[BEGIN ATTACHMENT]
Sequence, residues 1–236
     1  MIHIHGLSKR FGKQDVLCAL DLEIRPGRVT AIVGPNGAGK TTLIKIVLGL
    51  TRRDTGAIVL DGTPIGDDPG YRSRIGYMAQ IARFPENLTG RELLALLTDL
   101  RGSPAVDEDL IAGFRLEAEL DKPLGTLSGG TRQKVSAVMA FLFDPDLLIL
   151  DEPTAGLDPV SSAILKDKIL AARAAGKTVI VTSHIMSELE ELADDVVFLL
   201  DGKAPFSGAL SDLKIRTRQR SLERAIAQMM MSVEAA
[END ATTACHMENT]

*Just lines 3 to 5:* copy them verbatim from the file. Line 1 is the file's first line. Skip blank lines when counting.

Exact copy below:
    51  TRRDTGAIVL DGTPIGDDPG YRSRIGYMAQ IARFPENLTG RELLALLTDL
   101  RGSPAVDEDL IAGFRLEAEL DKPLGTLSGG TRQKVSAVMA FLFDPDLLIL
   151  DEPTAGLDPV SSAILKDKIL AARAAGKTVI VTSHIMSELE ELADDVVFLL